Exercise therapy during cancer treatment reduces symptom burden and improves quality of life (QoL). Polycythemia vera (PV) is a myeloproliferative neoplasia associated with good overall survival (up to decades) but a significant symptom burden, including thromboembolic events and dysesthesias. There are no specific exercise recommendations for patients with PV. Thus, we aimed to determine the exercise preferences of patients with PV and to derive specific recommendations based on the most commonly reported symptoms.
This multicenter survey included patients with PV ≥18 years old. Demographic, clinical, and disease burden data were collected. The severity of selected symptoms was assessed using the adapted Myeloproliferative Neoplasms Symptom Assessment Form: 0 (absent), 1–30 (mild), 31–70 (moderate), or 71–100 (severe). The patients’ information needs about physical activity (PA) and exercise preferences were recorded depending on their motivation and analyzed with regard to demographic aspects.
The sample comprised 182 patients (68% female, 61 ± 12 years). The prevalence of moderate-to-severe symptoms was 60% for fatigue, 44% for concentration problems, and 35% for bone/muscle pain. Other commonly reported symptoms included skin reactions (49%), splenomegaly (35%), and increased bleeding tendency (28%). Overall, 67% of respondents requested more information regarding PA. Patients with PV preferred individual training (79%) located outdoors (79%) or at home (56%). Regarding the amount of training, sports-inactive patients preferred a frequency of 1–2 times/week and session durations of 15–45 min, whereas sports-active patients preferred 3–4 times/week and 30–60 min (p < 0.001). Higher sport-inactiveness was observed in patients with lower educational level compared to patients with higher educational level (69% vs. 50%, p = 0.021). For beginners, combined resistance-endurance (circuit) training two times/week, which can be performed outdoors or at home, should be recommended. In the case of splenomegaly or bleeding symptoms, exercises with a low injury risk should be chosen.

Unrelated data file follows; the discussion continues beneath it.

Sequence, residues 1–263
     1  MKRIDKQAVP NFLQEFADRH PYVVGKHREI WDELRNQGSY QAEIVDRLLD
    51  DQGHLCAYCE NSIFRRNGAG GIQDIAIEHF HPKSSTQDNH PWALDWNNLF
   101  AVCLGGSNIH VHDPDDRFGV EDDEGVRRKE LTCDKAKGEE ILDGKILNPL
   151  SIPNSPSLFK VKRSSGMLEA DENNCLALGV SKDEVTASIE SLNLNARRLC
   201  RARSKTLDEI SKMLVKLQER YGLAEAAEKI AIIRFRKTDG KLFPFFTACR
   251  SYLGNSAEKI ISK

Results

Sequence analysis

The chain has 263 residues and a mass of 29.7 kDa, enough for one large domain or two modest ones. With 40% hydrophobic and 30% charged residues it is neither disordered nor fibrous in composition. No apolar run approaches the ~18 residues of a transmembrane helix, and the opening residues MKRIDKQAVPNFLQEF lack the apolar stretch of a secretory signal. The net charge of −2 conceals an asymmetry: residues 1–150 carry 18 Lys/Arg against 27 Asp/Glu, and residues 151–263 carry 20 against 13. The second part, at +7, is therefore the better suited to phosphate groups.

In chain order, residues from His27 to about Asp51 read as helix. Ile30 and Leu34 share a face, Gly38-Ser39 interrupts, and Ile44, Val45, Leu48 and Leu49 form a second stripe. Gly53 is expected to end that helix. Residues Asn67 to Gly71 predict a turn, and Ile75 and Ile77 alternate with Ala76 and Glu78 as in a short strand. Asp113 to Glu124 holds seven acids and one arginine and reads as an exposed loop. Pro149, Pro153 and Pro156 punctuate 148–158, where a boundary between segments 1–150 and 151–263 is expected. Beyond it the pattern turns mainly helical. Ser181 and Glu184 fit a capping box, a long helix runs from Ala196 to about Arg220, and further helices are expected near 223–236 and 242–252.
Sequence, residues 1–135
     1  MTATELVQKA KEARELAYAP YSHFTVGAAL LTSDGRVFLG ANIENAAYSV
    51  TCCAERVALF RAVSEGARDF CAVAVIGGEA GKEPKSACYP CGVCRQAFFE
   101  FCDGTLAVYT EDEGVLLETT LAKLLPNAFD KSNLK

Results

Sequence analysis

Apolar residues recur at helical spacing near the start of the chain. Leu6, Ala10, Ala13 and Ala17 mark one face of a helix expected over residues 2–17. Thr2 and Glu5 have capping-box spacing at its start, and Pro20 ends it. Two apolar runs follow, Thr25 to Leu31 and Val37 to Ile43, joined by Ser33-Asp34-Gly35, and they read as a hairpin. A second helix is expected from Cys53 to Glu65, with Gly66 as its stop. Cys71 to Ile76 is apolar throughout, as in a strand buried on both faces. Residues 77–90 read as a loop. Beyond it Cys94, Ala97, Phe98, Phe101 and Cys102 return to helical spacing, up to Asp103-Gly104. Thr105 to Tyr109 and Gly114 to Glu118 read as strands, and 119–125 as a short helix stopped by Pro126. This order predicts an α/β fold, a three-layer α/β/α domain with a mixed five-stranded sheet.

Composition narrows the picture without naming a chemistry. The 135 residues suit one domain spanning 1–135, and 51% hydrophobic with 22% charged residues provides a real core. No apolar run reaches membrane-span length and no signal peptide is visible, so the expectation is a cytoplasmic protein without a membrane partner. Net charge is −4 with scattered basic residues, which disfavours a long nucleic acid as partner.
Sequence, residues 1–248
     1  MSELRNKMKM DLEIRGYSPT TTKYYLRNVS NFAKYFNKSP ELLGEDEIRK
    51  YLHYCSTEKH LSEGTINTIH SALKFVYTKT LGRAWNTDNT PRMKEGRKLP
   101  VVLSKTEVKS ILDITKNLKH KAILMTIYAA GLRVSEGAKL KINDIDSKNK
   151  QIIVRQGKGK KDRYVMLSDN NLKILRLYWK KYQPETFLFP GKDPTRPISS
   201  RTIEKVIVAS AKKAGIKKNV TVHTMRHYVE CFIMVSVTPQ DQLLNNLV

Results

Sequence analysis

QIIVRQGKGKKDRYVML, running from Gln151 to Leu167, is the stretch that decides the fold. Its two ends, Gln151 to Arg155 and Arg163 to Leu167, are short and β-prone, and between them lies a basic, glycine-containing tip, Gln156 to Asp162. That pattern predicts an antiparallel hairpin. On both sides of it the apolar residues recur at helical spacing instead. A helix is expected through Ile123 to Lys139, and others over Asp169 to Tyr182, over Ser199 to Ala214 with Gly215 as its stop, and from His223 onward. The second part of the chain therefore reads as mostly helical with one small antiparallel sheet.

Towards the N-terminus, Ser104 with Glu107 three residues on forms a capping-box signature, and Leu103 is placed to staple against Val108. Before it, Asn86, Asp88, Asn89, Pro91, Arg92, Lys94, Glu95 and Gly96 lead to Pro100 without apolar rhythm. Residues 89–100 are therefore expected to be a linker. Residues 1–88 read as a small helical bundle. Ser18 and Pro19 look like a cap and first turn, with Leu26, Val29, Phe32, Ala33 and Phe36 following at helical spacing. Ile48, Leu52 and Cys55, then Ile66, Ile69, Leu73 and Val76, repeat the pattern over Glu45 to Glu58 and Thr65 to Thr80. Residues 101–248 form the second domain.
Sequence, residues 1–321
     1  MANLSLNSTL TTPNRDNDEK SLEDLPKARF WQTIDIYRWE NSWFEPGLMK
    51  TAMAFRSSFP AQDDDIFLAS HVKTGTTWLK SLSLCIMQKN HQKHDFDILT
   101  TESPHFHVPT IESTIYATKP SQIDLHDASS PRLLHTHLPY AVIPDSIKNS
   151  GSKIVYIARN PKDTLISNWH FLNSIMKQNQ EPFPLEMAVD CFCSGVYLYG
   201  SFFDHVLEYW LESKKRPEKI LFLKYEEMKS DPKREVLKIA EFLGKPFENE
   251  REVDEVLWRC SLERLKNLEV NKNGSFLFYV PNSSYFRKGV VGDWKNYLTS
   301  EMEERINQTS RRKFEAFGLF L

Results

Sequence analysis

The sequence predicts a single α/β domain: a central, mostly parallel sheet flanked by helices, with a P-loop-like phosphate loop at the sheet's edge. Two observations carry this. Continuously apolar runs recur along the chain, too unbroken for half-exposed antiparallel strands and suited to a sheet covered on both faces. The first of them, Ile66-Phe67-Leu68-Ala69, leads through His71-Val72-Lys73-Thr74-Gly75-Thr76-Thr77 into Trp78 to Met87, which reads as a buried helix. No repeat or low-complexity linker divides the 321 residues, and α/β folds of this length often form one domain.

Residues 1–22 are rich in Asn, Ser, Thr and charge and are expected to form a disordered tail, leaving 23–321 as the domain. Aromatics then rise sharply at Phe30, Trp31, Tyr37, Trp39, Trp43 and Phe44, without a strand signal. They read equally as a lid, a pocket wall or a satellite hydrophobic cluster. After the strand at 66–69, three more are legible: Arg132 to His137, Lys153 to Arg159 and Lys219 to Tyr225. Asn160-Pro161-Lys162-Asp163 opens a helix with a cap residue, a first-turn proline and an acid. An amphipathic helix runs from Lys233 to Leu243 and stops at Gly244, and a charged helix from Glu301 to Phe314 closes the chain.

PA is important for patients with PV; therefore, counseling should be integrated into the treatment plan. Specifically, patients with low educational level should be addressed. Prospective studies are warranted to evaluate the effects of the novel exercise recommendations.